Interpreter of desires: Iranian cinema and psychoanalysis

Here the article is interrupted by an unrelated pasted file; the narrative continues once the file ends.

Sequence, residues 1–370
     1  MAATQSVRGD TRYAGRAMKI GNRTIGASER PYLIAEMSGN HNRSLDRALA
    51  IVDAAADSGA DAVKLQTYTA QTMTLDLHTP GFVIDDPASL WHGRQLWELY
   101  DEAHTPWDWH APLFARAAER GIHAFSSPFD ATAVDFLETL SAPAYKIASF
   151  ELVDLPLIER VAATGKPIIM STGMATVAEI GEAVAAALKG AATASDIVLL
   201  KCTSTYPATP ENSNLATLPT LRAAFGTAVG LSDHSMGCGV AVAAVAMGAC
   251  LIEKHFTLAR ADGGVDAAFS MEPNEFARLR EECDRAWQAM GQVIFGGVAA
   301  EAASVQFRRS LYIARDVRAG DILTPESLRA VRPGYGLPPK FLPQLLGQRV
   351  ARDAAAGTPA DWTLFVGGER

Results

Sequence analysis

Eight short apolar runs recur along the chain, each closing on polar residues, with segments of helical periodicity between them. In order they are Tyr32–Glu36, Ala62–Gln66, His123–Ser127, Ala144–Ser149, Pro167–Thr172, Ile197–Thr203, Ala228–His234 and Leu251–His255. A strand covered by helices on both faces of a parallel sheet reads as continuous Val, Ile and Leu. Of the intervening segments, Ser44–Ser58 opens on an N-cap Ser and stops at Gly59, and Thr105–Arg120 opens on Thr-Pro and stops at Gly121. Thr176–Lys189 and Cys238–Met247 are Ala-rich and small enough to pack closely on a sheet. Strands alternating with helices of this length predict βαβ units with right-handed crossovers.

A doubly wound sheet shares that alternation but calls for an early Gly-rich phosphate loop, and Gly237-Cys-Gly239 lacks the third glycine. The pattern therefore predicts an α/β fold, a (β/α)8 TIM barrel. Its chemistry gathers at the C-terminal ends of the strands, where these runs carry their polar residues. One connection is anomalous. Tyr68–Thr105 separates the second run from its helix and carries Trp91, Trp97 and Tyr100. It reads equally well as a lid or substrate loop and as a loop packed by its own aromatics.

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The goal of this thesis is the study of the structure of desire and sexuality in post-revolutionary Iranian cinema, through the prism of Lacanian psychoanalytic film theory. The scholarly literature on Iranian cinema has largely come from fields outside film studies and film theory, and almost no studies exist that focus on the question of desire and sexuality in Iranian cinema. Deploying a psychoanalytic film theoretical perspective, I discuss two distinct movements in Iranian cinema. Part I of the thesis focuses on the well-known New Iranian Cinema, where I foreground neglected aspects of this movement and consider the formal logic of this movement to revolve around the axis between the gaze and voice. I analyze the gaze as the Lacanian object-cause of desire in two filmic examples, and demonstrate that contra to the theory that the New Iranian Cinema is the locus of 1970s feminist gaze theory, I argue that it is one of the exemplary sites of the Lacanian object-gaze and one of the few examples of the cinema of desire in the world. I also foreground the voice as an important object of study in the New Iranian Cinema for the first time, and link Chion’s concept of the acousmatic voice to Lacan’s object-voice as the object-cause of desire, where the voice becomes a love-object in two filmic examples of the New Iranian Cinema. Then as the final example, I analyze a single film foregrounding several motifs such as transgender, and male and female homoeroticism through its female protagonists’ forced gender re-signification and cross-dressing, where the logic of the Lacanian feminine ‘No’ and feminine jouissance become operative. In Part II, I theorize the emergence of a new film movement in Iranian cinema that represents a shift away from the conventions of the New Iranian Cinema of the 1990s and 2000s and deploys elements of the horror genre but with an uncanny dimension that evokes the weird and the eerie. Through a close textual analysis, I analyze two respective films that I situate in this new genre bending film movement. The first film was analyzed through a Lacanian prism that looks at the film’s two-part structure where the first half functions as the world of fantasy and the second as the world of desire – where the traumatic Real of desire appears in all its nightmarish dimension. The last film was also theorized as an example of the uncanny between the weird and the eerie and analyzed through the psychoanalytic notion of the return of the repressed, where the chador-clad female vampire represented the return of feminine sexuality in the Real, due to its repression in the Islamic Republic or the (patriarchal) symbolic order. The common motif that runs through the films of this new movement, both at the level of form and content, is the palpable sense of the nightmarish atmosphere of fear and anxiety in contemporary Iranian society.